Fans of 1994’s endlessly quotable, toilet humor romp “Dumb and Dumber” should think twice before being swayed by the recent negative critical reception of its follow up sequel “Dumb and Dumber To,” a comedy that’s taken 20 years to move into production. After all, it’s not like the original 1994 film wasn’t critically panned during its initial release, only gaining cult and commercial status many years later. Recently, people seem to be mentally re-writing history when it comes to the critics’ reception of the writer/directors Bobby and Peter Farrelly’s farcical road-trip debut. Sure, the film is deemed a comedic masterpiece nowadays, but back then it was largely shunned and dismissed as garbage. So are they wrong about this one too?
I’ll hereby confess that the original “Dumb and Dumber,” despite its stupidity, is something of a lowbrow comedy classic in my eyes. I suspect it’s a film many of us have grown up on, which made the anticipation of this sequel all the more nerve-wracking. Would it be a worthy follow up, would it be bad, or, worst case scenario, would it be nearly as unendurable as that direct-to-DVD 2003 film that won’t be talked about here? I dreaded seeing the hilarious slapstick duo of Jim Carrey and Jeff Daniels embarrass themselves all these years later, especially reprising two of the most beloved goofball characters of all time.
The opening scene reveals that Lloyd’s (Jim Carrey) been comatose for nearly 20 years, all for no reason at all other then to pull-off the greatest practical joke of all time on his old buddy and pal, Harry (Jeff Daniels). After hearing news that Harry’s in need of an urgent kidney transplant, the pair set out on the road in attempt to reunite with his long-lost, 18 year old daughter in hopes that she’ll provide a spare. But very much like the original, plot is irrelevant, its only serving purpose being a vessel to highlight the primitive, gross-out antics of two naive, vulgar clowns.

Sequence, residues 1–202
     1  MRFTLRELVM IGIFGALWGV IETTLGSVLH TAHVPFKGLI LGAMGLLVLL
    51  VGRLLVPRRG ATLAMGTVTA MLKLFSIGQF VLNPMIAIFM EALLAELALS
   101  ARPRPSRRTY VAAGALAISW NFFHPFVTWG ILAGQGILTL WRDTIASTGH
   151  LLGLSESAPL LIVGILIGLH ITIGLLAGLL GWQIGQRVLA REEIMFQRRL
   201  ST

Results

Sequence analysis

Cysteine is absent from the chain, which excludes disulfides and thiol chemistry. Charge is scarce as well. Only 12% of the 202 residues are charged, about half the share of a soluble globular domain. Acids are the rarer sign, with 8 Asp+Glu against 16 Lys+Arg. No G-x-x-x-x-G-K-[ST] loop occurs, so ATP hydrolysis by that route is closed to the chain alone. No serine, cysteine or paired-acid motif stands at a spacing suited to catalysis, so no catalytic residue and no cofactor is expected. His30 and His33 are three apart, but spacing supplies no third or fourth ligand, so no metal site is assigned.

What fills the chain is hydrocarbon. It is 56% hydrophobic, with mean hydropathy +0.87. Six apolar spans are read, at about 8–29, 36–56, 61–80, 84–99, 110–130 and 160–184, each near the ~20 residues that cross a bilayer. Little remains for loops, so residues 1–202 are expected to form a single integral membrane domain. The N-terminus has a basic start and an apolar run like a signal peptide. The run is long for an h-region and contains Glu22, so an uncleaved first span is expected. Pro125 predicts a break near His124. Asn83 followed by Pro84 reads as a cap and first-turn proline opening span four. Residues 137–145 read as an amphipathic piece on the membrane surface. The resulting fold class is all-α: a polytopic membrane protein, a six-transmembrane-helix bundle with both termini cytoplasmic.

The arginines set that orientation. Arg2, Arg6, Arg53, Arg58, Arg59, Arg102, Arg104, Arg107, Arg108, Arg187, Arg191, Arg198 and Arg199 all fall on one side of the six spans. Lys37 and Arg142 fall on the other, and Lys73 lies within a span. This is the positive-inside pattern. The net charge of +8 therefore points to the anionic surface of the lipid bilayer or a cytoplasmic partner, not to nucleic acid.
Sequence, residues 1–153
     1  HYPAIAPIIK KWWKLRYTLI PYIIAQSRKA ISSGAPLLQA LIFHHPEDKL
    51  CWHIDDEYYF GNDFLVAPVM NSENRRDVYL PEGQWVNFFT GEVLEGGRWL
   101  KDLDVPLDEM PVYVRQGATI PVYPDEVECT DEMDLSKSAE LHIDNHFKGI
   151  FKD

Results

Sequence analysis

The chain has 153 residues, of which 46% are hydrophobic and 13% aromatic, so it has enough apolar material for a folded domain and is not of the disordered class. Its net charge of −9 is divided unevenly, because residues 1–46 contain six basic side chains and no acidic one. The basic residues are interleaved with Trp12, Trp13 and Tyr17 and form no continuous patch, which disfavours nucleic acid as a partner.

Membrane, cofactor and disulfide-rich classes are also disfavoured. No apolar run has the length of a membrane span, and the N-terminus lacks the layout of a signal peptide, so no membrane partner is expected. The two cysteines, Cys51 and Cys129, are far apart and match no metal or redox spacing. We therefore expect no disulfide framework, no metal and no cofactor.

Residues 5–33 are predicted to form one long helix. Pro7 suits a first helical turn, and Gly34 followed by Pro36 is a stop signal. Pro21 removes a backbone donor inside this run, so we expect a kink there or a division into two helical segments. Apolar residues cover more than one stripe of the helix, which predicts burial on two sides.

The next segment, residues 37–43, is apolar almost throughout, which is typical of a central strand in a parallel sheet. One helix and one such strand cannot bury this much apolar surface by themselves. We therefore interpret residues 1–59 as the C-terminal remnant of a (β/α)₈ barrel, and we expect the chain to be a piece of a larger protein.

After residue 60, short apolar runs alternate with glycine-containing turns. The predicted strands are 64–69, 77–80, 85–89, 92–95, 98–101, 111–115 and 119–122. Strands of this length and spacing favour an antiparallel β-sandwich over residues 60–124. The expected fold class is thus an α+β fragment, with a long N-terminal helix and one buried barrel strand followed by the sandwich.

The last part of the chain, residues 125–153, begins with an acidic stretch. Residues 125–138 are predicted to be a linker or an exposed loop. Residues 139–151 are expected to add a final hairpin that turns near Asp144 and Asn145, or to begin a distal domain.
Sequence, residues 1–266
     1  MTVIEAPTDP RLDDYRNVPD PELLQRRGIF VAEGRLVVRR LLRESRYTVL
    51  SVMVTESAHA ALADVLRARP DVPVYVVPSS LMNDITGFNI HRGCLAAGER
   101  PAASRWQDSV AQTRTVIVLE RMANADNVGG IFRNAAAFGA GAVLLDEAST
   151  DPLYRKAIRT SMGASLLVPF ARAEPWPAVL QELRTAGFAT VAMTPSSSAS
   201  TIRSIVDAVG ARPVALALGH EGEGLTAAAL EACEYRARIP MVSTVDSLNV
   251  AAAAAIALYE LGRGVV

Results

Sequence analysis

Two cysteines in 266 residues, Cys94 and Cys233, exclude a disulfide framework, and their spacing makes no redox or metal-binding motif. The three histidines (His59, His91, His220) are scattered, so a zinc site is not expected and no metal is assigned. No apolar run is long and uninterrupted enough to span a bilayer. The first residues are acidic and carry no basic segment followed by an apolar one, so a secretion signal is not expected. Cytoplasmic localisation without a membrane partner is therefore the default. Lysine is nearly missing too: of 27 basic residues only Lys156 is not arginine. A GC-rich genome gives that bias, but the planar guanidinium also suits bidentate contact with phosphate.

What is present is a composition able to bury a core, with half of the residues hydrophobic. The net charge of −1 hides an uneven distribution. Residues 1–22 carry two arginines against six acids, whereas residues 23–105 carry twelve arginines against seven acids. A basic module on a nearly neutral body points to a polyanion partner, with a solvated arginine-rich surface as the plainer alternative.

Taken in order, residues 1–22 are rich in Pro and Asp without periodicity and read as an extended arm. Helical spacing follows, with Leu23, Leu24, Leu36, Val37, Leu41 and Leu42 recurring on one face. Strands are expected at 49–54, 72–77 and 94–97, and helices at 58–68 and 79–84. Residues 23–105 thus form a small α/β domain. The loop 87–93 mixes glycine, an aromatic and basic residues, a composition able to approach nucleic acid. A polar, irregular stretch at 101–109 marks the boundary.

With the omission of much falsely ridiculed, but still not all that spectacular, “Hall Pass” (2011), The Farrelly Brothers have been on a downward slope of unfunny swing-and-misses for the past decade. Former fans have denounced them as past their heyday, and I’ve been inclined to agree. I thought, whatever good was to come out of this reuniting was most likely to derive from the very talented and farcical match of Carrey and Daniels. While “Dumb and Dumber To” doesn’t even come close to matching the pinnacle of silliness and bathroom humor that was the original ‘94 film, it’s outright unbelievable how much it manages to provide gut-busting howls of laughter, at least it did at the screening I attended.
As expected, gifted funny men Carrey and Daniels elevate the rather one-noted material to satisfactory standards, turning what could have been an unbearable experience into a more pleasant and harmless one, a nostalgic trip down memory lane with two old friends. They’ve resurrected Lloyd and Harry through every seemingly insignificant detail and mannerism, almost as if they’ve never stopped studying these roles for the past decades.
Luckily, this follow up doesn’t give-in to the one, unforgivable sequel trend: Being a rehash that possesses no original gags of its own, referencing the original film rapid fire and without shame every chance it gets. There are references to the ‘94 film, but these nods feel welcomed, rather then unoriginal and lacking inspiration (Jeff Daniels lets his plumber’s crack show several times). Additionally, it helps that the film has quite a number of its own punch lines to juxtapose all the fan-serving hat-tips.